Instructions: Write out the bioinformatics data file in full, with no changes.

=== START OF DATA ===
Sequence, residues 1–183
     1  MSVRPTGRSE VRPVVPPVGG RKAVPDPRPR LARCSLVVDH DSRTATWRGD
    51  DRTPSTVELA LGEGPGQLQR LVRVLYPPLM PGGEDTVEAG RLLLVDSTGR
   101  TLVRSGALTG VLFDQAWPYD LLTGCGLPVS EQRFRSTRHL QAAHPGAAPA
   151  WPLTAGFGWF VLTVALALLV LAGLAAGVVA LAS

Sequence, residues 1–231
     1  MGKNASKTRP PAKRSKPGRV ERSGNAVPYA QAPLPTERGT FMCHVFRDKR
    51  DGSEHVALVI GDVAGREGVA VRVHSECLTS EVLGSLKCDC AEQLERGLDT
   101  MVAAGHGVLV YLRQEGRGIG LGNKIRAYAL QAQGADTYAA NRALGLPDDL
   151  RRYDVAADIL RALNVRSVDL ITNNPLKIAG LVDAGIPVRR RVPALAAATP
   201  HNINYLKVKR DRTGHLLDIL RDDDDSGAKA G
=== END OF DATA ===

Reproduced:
Sequence, residues 1–183
     1  MSVRPTGRSE VRPVVPPVGG RKAVPDPRPR LARCSLVVDH DSRTATWRGD
    51  DRTPSTVELA LGEGPGQLQR LVRVLYPPLM PGGEDTVEAG RLLLVDSTGR
   101  TLVRSGALTG VLFDQAWPYD LLTGCGLPVS EQRFRSTRHL QAAHPGAAPA
   151  WPLTAGFGWF VLTVALALLV LAGLAAGVVA LAS

Sequence, residues 1–231
     1  MGKNASKTRP PAKRSKPGRV ERSGNAVPYA QAPLPTERGT FMCHVFRDKR
    51  DGSEHVALVI GDVAGREGVA VRVHSECLTS EVLGSLKCDC AEQLERGLDT
   101  MVAAGHGVLV YLRQEGRGIG LGNKIRAYAL QAQGADTYAA NRALGLPDDL
   151  RRYDVAADIL RALNVRSVDL ITNNPLKIAG LVDAGIPVRR RVPALAAATP
   201  HNINYLKVKR DRTGHLLDIL RDDDDSGAKA G